1.   The Instrument shall be implemented under direct management and, with regard to the Ramp-up Fund provided for in Article 15 of this Regulation, under indirect management with bodies referred to in Article 62(1), point (c), of the Financial Regulation. The Instrument may provide funding in any of the forms laid down in the Financial Regulation, including financing in the form of financial instruments within blending operations. Blending operations shall be carried out in accordance with Title X of the Financial Regulation, Regulation (EU) 2021/523 and Article 15 of this Regulation.

2.   By way of derogation from Article 193(2) of the Financial Regulation, financial contributions may, where relevant and necessary for the implementation of an action, cover actions started prior to the date of the submission of the proposal for those actions, provided that those actions did not start before 20 March 2023 and have not been completed before the signature of the grant agreement.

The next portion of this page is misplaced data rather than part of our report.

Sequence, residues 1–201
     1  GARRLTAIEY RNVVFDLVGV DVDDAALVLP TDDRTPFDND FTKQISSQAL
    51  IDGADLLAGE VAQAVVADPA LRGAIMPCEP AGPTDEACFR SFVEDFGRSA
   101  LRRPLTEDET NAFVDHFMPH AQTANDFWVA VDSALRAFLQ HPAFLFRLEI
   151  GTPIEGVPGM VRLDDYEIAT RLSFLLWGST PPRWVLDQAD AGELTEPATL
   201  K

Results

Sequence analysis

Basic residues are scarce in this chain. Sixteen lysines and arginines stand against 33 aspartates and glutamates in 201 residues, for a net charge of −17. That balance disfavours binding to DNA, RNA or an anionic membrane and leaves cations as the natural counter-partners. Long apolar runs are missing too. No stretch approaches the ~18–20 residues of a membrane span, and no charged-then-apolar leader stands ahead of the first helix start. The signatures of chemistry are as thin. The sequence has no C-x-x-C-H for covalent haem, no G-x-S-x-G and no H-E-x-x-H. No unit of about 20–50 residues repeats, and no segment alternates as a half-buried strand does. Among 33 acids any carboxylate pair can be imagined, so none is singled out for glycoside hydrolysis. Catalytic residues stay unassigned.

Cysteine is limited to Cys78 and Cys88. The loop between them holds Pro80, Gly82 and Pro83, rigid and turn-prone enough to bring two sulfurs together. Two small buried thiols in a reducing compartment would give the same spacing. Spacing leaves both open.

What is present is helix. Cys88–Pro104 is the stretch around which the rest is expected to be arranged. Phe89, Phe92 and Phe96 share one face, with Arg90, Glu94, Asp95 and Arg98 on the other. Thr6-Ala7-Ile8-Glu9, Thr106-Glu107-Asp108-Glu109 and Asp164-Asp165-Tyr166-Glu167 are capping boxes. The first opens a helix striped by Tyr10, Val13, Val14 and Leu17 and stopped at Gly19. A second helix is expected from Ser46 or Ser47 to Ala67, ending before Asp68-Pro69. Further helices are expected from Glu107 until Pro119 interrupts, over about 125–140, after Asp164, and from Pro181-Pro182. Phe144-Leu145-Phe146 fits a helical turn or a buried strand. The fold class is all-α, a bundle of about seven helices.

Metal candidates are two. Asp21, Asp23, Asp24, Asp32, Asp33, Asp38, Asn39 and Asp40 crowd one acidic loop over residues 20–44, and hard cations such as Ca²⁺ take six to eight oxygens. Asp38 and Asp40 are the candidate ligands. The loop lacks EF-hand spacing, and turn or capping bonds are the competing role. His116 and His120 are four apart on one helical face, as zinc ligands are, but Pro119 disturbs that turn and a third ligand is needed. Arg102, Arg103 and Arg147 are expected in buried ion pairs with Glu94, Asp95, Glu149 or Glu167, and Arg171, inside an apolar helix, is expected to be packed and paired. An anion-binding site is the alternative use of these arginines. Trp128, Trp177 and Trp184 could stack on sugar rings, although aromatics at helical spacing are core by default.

Article 8

Eligible actions

1.   Only actions implementing the objectives set out in Article 4 shall be eligible for funding.

2.   The Instrument shall provide financial support for actions addressing identified bottlenecks in production capacities and supply chains with a view to securing and accelerating the production of relevant defence products in order to ensure their effective supply and timely availability.

3.   Eligible actions shall relate to one or more of the following activities and shall be exclusively related to the production capacities of relevant defence products, including their components and corresponding raw materials insofar as they are intended or used wholly for the production of relevant defence products:

(a)